Keeping relevant information in an easily accessible state is vital for adaptive behavior in dynamic environments. In the primate visual system, this requirement is met by visual working memory (VWM), the capacity to actively maintain visual information from milliseconds to seconds after a stimulus disappears from view (D’Esposito and Postle, 2015; Pasternak and Greenlee, 2005; Ma et al., 2014; Bays et al., 2024). While the contents of VWM are frequently updated to reflect changes in the environment and in behavioral priorities, the visual processing hierarchy itself introduces additional layers of dynamism (Barlow, 1981; Van Essen et al., 1992). The fidelity of representations therefore evolves from the moment VWM starts accumulating evidence (Brunton et al., 2013; Gold and Shadlen, 2007) throughout the maintenance period until the information is used for action (Schneegans and Bays, 2018; Panichello et al., 2019; van Ede et al., 2019).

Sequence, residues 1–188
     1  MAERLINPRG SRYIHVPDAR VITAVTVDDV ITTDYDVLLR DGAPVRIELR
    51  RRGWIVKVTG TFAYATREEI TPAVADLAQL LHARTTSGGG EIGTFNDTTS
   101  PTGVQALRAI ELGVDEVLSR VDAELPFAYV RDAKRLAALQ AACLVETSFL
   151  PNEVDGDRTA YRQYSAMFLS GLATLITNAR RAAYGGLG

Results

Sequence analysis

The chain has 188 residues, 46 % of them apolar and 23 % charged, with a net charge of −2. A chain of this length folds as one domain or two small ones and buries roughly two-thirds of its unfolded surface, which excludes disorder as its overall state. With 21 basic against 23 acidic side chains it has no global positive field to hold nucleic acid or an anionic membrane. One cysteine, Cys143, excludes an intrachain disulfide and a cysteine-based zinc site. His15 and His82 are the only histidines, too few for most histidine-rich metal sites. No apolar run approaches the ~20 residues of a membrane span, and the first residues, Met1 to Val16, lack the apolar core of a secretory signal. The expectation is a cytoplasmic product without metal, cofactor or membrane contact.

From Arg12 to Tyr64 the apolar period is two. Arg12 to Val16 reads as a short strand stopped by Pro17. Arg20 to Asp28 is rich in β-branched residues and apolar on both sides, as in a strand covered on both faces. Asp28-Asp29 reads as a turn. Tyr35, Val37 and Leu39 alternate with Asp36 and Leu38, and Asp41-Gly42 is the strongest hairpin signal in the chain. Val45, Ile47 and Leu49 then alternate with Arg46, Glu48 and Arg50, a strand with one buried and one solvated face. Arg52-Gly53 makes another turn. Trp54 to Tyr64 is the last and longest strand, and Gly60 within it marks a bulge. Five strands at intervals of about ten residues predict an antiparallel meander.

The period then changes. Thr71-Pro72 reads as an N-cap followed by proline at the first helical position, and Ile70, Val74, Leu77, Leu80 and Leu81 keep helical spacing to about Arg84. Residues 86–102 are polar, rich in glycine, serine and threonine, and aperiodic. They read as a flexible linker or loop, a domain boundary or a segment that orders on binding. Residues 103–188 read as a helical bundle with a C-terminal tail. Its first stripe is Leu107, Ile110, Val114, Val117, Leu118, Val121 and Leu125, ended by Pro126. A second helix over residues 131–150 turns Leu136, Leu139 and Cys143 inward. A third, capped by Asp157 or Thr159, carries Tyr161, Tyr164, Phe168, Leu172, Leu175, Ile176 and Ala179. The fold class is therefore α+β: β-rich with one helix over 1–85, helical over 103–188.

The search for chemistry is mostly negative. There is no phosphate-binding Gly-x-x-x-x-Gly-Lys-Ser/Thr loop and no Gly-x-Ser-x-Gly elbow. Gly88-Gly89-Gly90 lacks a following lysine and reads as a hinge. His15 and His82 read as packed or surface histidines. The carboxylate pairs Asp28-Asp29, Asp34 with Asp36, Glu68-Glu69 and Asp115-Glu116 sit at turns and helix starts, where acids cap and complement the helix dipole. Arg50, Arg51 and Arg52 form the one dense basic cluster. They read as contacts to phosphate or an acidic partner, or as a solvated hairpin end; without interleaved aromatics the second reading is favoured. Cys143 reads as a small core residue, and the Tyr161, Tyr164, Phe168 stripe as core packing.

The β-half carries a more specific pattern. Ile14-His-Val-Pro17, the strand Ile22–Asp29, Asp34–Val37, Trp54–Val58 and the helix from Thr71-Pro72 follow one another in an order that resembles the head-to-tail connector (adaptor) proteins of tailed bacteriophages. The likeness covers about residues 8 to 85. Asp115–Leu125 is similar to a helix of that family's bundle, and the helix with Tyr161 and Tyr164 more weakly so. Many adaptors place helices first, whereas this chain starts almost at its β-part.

Nonetheless, within most theoretical frameworks, VWM is treated as a stationary process whereby representations are measured and modeled as fixed states of the system. One such model of WM is based on principles of neural population coding (Bays, 2014; Schneegans et al., 2020). In the Neural Resource model, visual information is encoded in the activity of a population of noisy feature-selective neurons (Ma et al., 2006; Pouget et al., 2000). The spiking activity of the neural population is constrained by normalization (Carandini and Heeger, 2011; Bays, 2015), such that the total activity is fixed but flexibly distributed between memoranda, implementing a form of limited memory resource. At retrieval, encoded stimulus values are reconstructed from the noisy spiking activity. This model has provided a quantitative account of patterns of recall error across a range of tasks and stimulus dimensions (Tomić and Bays, 2024; Bays and Taylor, 2018; Schneegans and Bays, 2017; Bays, 2016a; Tomić and Bays, 2018). However, despite its grounding in principles of neural coding, the basic architecture of the model lacks a temporal dimension to describe the dynamics of memory representations during encoding and maintenance.